Language

Language

Language is an essential tool for people to communicate. The fundamental areas of the Children’s House Language curriculum are Enrichment of Vocabulary, Development of Writing Skills, Continuation of Writing Skills, Function of Words, and Reading Analysis.

Enrichment of Vocabulary starts with the concrete by linking the child with objects in the environment. There is a mystery to the names and functions of objects which the child has recognized as part of their environment, but may need a lesson to absorb new language and meaning.

Development of Writing Skills lessons and activities help the child to strengthen their fine-motor skills before letter writing. In Preparation of the Hand the child traces their name using a pencil and tracing paper, coloring within the lines, cutting with scissors, bead stringing, and push pinning. The Metal Insets reinforce writing skills by tracing the frame and inset. With Sandpaper Letters, the child is presented the alphabet in 5 stages. Along with lessons about tracing and pronouncing the letters, the teacher presents a Three Period Lesson to the child to test their memory and knowledge of the letters. The Moveable Alphabet gives the child an opportunity for a hands-on approach to making words. Inside the Moveable Alphabet box are blue letters for the vowels and red letters for the consonants. There are object boxes in which the child places select objects on the rug to form its word with the moveable alphabet. Over time, the child uses picture cards in place of objects.

In Continuation of Writing Skills, the child watches the teacher write letters on a chalkboard before practicing themselves.

With Introduction to Reading Theory, the child is first asked to read. It is interesting that the child has learned to write before they are asked to read. In The Discovery of the Child, Maria Montessori writes: “A child does not read until he receives ideas from the written word,” (229). With the first lesson: Phonetic Objects Game, the teacher and child have a conversation about objects such as a rug, a cat, a dog, a dot, and an ant. The teacher writes labels for the objects as the child observes how the teacher holds the pencil. The child is asked to read the labels and place them below each appropriate object. Other lessons include Phonograms, Puzzle Words, and Reading Classification.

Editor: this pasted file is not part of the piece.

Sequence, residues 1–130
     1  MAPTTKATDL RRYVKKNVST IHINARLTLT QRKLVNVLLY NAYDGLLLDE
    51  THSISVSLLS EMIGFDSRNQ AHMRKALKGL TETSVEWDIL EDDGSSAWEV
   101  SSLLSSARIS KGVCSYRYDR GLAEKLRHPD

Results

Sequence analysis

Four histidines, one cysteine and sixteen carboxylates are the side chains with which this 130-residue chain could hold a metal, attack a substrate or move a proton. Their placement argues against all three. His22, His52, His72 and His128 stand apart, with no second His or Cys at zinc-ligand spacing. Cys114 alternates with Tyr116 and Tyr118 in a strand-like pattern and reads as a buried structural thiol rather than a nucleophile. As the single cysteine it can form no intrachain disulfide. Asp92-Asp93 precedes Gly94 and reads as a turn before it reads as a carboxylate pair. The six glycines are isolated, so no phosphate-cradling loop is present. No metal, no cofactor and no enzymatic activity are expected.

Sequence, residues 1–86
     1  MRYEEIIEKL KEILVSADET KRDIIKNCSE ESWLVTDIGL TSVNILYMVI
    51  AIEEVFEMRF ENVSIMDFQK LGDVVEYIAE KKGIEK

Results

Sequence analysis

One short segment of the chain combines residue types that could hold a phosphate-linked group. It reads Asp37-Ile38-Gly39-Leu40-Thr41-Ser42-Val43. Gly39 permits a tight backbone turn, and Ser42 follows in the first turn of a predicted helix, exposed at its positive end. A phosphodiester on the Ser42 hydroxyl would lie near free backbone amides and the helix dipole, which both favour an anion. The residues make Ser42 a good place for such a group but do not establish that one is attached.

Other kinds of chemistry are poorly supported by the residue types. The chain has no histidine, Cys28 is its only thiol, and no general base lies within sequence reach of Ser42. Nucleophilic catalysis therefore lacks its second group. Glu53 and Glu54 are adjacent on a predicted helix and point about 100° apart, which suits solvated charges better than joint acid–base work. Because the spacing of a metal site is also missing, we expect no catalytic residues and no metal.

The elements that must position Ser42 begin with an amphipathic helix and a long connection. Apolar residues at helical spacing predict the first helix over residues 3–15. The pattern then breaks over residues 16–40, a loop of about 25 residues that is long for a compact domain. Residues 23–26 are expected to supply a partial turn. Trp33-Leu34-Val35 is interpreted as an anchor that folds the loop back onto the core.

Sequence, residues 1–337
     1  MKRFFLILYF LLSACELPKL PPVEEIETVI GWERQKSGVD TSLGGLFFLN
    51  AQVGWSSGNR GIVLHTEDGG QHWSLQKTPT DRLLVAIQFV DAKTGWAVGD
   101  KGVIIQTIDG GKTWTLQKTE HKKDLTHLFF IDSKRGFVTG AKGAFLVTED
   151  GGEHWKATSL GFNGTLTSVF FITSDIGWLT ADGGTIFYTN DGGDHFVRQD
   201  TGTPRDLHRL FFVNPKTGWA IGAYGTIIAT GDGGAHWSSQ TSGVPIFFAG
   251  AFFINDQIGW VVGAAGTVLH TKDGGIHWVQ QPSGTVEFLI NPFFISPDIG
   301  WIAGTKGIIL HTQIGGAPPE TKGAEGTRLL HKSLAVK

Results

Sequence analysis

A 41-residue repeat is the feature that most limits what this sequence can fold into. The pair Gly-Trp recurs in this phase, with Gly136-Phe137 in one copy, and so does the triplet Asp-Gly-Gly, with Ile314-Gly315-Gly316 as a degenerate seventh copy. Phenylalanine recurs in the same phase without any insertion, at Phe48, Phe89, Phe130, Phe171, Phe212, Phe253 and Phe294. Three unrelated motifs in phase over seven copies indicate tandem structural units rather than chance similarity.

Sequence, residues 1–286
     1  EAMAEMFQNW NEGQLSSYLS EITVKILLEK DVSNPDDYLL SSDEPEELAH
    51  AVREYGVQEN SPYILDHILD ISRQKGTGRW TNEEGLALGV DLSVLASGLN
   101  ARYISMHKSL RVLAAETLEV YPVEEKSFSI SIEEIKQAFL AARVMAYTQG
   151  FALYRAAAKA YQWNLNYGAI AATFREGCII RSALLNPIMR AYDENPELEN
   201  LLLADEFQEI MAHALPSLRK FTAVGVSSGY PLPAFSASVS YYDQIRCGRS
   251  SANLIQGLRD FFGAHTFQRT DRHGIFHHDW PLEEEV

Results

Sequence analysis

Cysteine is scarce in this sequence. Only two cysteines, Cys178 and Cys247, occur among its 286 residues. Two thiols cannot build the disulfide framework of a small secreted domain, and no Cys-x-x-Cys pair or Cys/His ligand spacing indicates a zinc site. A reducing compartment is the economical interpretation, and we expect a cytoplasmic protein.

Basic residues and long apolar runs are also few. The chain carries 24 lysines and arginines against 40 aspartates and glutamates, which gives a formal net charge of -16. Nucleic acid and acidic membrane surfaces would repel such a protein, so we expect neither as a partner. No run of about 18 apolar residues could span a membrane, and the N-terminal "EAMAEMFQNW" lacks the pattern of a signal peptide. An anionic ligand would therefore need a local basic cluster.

Function of Words is subdivided into 10 categories: Article, Adjective, Logical Adjective Game, Detective Adjective Game, Conjunction, Preposition, Verb, Adverb, Logical Adverb Game, and Continuation of Command. The child reads phrases and uses distinct grammar symbols to label words as an article, adjective, conjunction, verb, adverb, or preposition. At the end of the lesson, the child is asked to write the words in their journal and symbolize the appropriate parts of speech.

In Reading Analysis, the teacher presents six lessons as the child “hunts” for subjects, actions, objects, and pronouns within a simple sentence.

Along with the Montessori materials, it’s imperative to ensure a language-rich environment by reading to the children. When a child hears a story, they learn new vocabulary, new concepts and ideas, develop an appreciation of language and the written word, and become eager to learn to read so that they can be independent.

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